Thursday, September 18, 2014

The Scholarly Side of Fairy Tales

copyright Unholyvault
Fairy Mushrooms By the Water photo
Many of us love fairy tales. There are scholarly type books devoted to fairy tales and folk tales and their origins and meanings. One of my favorites is The Witch Must Die: The Hidden Meaning of Fairy Tales by Sheldon Cashdan. I inherited an autographed copy from my grandmother. Makes it sound ancient, but it was published in 2000. It was required reading for a course she was taking at UMass in her golden years. One of the most notable things about the content in the book is that he thinks fairy tales help children deal with their problems. He says that children see the characters struggling with good and evil and identify with the struggle to some extent.

There are other books out there and other web sites. A great web site on fairy tales  is From the web site description: SurLaLune Fairy Tales features 49 annotated fairy tales, including their histories, similar tales across cultures, modern interpretations and over 1,500 illustrations. Also discover over 1,600 folktales & fairy tales from around the world in more than 40 full-text Books.

Speaking of books... There are 2 non-fiction books coming out about fairy tales soon; one in October, the other in December. 

The first non-fiction book that's coming out is being released on October 15, 2014. Children into Swans: Fairy Tales and the Pagan Imagination by Jan Beveridge is being published by McGill-Queens University Press. From Goodreads: 
Fairy tales are alive with the supernatural - elves, dwarfs, fairies, giants, and trolls, as well as witches with magic wands and sorcerers who cast spells and enchantments. Children into Swans examines these motifs in a range of ancient stories. Moving from the rich period of nineteenth-century fairy tales back as far as the earliest folk literature of northern Europe, Jan Beveridge shows how long these supernatural features have been a part of storytelling, with ancient tales, many from Celtic and Norse mythology, that offer glimpses into a remote era and a pre-Christian sensibility.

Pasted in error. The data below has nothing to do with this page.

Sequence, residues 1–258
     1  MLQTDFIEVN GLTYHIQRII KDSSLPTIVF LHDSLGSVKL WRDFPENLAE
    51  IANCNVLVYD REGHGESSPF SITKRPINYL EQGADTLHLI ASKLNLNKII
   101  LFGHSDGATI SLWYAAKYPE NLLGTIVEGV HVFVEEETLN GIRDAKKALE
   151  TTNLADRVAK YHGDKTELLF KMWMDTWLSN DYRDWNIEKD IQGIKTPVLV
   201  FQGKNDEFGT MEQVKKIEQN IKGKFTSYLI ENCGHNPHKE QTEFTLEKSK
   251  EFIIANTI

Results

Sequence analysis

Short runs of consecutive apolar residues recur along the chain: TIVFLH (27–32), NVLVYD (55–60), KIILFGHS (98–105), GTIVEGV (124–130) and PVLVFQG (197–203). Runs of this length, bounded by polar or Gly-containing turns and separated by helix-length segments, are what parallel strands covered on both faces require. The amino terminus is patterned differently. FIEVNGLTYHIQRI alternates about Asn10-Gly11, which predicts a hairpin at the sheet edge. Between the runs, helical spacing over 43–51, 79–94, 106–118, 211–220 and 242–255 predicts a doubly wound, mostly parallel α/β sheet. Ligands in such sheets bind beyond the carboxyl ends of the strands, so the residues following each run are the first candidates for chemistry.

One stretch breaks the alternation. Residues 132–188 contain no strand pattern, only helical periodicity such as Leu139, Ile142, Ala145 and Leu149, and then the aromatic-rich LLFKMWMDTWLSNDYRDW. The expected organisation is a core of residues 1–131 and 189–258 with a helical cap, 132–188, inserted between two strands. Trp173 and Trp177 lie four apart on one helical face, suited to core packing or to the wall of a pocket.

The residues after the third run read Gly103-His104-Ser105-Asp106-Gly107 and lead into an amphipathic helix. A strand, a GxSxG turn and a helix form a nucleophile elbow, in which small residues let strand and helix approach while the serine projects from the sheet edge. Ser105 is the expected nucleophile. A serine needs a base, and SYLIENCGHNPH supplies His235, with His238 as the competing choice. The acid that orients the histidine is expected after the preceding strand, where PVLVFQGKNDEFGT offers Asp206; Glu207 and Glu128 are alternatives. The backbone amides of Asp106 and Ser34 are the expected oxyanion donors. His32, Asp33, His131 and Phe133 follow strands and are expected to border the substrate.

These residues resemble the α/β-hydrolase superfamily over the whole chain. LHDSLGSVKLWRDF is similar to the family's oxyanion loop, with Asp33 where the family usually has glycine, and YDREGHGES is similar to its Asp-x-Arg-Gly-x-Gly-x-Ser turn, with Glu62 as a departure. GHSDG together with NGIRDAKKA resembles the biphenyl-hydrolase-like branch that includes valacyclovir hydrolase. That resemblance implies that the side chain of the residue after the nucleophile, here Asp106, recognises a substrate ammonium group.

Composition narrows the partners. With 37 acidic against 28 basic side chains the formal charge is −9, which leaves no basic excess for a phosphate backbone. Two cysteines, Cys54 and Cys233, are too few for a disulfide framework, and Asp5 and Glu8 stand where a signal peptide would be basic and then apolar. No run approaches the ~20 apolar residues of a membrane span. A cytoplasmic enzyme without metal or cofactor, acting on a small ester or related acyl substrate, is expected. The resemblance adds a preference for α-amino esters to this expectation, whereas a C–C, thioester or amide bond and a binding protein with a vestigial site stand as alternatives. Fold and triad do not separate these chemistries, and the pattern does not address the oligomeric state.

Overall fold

The second book is Once Upon a Time: A Short History of Fairy Tale by Marina Warner. It's due out December 1, 2014 from Oxford University Press. From the publisher:
Marina Warner has loved fairy tales over her long writing career, and she explores here a multitude of tales through the ages, their different manifestations on the page, the stage, and the screen. From the phenomenal rise of Victorian and Edwardian literature to contemporary children's stories, Warner unfolds a glittering array of examples, from classics such as Red Riding HoodCinderella, and The Sleeping Beauty, the Grimm Brothers' Hansel and Gretel, and Hans Andersen's The Little Mermaid, to modern-day realizations including Walt Disney's Snow White and gothic interpretations such as Pan's Labyrinth

In ten succinct chapters, Marina Warner digs into a rich collection of fairy tales in their brilliant and fantastical variations, in order to define a genre and evaluate a literary form that keeps shifting through time and history. She makes a persuasive case for fairy tale as a crucial repository of human understanding and culture.
I'm looking forward to checking them both out. Let me know what you think. Do they interest you? Have you read anything like these before? Have you been to the SurLaLune web site before? What did you think of it? Drop me a line in the comments.


  1. One more (gotta have something to read in November!): Disability, Deformity, and Disease in the Grimms' Fairy Tales, by Ann Schmiesing, from Wayne State University Press

    1. Thanks! Hadn't heard of that one.Sounds interesting. A different take than the usual sort of thing I've seen.